Steve Minnich: Regarding your comment about numerous Kewanee boilers left in Chicago because of the expense of removal.

    Also, many old Kewanee boilers, including mine, have asbestos, which complicates removal. I have no intention of ever removing my 65-year-old boiler, which works fine.

    There is a minor cult about movies that featured old Kewanee boilers, including "Blues Brothers," which was set in Chicago. Boiler furnace doors, with the Kewanee logo, are collectible. Since Kewanee, Illinois, is only 125 miles from Chicago, it stands to reason that many would have wound up there - many in schools, churches, as well as large residences and other buildings. Many were rated for hand firing (coal) as well as gas/oil. When natural gas became available, their burners were converted to gas.
  • Steve MinnichSteve Minnich Posts: 2,465Member
    @Gilmorrie - I’m incapable of watching movies without noticing boilers and radiators; taking it a step forward distinguishing between Burnham and Weil cast iron baseboard.

    I do this stuff because I enjoy it and the history of our trade intrigues me more than the present or the future.

    I can’t ever see making it anything more than a hobby. Hobbies are more fun than business. 😎
    Steve Minnich
    Tell me I can't, and I'll show you I can.
  • retiredguyretiredguy Posts: 38Member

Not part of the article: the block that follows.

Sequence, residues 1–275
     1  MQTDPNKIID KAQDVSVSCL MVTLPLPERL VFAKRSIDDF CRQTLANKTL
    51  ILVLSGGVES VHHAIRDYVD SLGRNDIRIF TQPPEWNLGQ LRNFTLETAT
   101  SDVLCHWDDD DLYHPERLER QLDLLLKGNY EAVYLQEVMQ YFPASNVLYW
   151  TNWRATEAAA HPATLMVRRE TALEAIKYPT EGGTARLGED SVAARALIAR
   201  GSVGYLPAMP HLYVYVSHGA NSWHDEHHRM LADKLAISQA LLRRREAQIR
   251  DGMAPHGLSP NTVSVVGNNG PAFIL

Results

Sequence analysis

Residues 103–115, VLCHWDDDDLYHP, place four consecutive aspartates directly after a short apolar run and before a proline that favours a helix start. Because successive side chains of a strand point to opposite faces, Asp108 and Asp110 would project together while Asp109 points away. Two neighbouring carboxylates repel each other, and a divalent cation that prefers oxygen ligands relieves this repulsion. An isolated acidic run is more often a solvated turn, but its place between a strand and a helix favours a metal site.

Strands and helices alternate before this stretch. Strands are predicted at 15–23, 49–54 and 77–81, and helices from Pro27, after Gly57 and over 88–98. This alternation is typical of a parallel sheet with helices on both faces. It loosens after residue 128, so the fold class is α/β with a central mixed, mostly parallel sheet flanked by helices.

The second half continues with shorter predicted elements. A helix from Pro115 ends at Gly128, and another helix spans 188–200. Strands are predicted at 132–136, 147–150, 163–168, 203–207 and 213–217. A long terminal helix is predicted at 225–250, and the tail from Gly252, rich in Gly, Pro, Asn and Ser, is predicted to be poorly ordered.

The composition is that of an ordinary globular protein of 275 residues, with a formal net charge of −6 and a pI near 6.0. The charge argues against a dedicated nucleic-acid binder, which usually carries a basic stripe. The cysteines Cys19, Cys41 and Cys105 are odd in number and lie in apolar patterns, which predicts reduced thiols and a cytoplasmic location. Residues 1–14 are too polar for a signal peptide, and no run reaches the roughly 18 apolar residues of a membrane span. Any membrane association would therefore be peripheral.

I once made the mistake of taking my wife along on a night emergency call at a hospital for a 500 H P Burnham steam boiler firing #2 fuel oil. I was dead tired from too many hours working and no one else that would relieve me. They had a garage door at the rear of the boiler that I opened so my wife could see just what I worked on. Through the observation port at the rear of the boiler she could see the LP pilot flame. She tooted the horn to get my attention and remarked that she could not believe how large the flame was. Then I allowed the unit to light the fuel oil. After this episode, she constantly nagged at me to quit my job saying that she never realized how dangerous my job was. I loved what I did but I never made the same mistake again.
  • ChicagoCooperatorChicagoCooperator Posts: 218Member
    Speaking of abandoned boilers in Chicago, I was recently in a loop mid-rise with 50's boilers in the cavernous 3rd basement (20's building, possible also heating a famous early skyscraper recently restored). Will have to upload them to the other thread or create a new one - it was a spooky and mysterious room. Even had a chute up to the street they claimed was for coal, but I think was for combustion air (oil fired I think).
  • Steve MinnichSteve Minnich Posts: 2,465Member
    @ChicagoCooperator Yup. Lots of coal chutes left.
    Steve Minnich
    Tell me I can't, and I'll show you I can.
  • ChicagoCooperatorChicagoCooperator Posts: 218Member
    Steve - I'm pretty sure it was on the freight tunnel system so it might not have had a coal chute, though it was built at the very tail end of the tunnel systems use (for non-Chicagoans, there was a freight tunnel system under the entire Loop in Chicago, which is what flooded when we had our infamous flood in the 90's).

    I'll try and get the pictures up over the weekend.